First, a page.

- The breakage type A, B or C
- The containment aspects of the glass when broken (or the highest drop height class at which the glass does not break or does not allow penetration – again classed as 1, 2 or 3).
Therefore, classifications within BS EN 12600, starting with the highest performance are:
- Class 1B1
- Class 2B2
- Class 3B3
What do the BS EN 12600 classifications mean?
When using the BS EN 12600 classifications, class 1 is used for testing the glass for critical applications with a drop height of 1,200mm. Class 2 is used as an equivalent to more than an adult walking into the glass but less than if the adult were to force their way through by running at it. The drop height for this classification is 450mm. The last classification, class 3, is equivalent to an adult pushing firmly against the glass or a child running into it. The drop height for this class is 190mm.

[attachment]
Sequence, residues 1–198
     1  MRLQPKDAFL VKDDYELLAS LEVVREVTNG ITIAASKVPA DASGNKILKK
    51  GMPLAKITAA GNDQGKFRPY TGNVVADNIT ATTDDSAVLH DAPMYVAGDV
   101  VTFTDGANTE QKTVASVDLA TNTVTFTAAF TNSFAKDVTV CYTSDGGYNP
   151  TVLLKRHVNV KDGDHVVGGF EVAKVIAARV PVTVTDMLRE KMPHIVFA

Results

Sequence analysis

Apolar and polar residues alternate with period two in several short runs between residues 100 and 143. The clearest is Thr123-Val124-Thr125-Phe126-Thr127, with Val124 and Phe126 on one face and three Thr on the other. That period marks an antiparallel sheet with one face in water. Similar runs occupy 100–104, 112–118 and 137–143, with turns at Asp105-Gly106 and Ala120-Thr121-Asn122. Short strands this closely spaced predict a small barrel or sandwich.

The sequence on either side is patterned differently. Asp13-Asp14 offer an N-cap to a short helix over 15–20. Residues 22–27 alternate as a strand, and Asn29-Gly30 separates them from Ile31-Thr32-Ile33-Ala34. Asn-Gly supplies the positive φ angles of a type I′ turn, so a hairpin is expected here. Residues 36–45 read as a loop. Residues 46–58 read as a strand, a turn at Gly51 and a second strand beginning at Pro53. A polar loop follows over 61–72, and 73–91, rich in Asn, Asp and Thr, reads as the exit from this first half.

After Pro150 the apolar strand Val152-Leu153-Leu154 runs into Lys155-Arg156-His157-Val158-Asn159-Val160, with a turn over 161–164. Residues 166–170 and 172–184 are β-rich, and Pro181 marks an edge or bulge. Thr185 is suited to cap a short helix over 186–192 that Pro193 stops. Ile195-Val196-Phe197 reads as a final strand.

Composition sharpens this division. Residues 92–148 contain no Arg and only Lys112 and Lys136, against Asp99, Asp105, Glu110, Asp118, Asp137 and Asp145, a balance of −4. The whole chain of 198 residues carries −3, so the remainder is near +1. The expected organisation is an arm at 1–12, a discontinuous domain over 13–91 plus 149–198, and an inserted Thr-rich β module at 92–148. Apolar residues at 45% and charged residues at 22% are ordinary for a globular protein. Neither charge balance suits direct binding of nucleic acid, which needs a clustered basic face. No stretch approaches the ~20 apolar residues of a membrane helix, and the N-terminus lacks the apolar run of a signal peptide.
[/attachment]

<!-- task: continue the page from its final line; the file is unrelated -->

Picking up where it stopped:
All three classifications have a type B breakage which is demonstrated by the fragments being held together upon breakage. This is the typical breakage mode for glazing products such as laminated glass, or glass where a safety film has been applied.
Toughened safety glass should always obtain a Class 1B1 classification, making it one of the safest glazing products. Laminated safety glass with a polyvinyl butyral (PVB) interlayer normally achieves a Class 2B2 classification, depending on the glass and interlayer thickness. Wired glass will obtain a Class 3B3 classification.
How do you increase the impact resistance of a glass unit?
The thicker the glass the greater the impact resistance and this would be the first consideration for any glazing specialist when assessing a project. After this, the next step would be to calculate the required strength to decide if toughened glass is required, and whether a standard or high strength laminated interlayer is necessary. All these options have cost implications, which often exposes a serious issue – when a quote is requested and there are no glass or performance specifications supplied, how can prices be compared?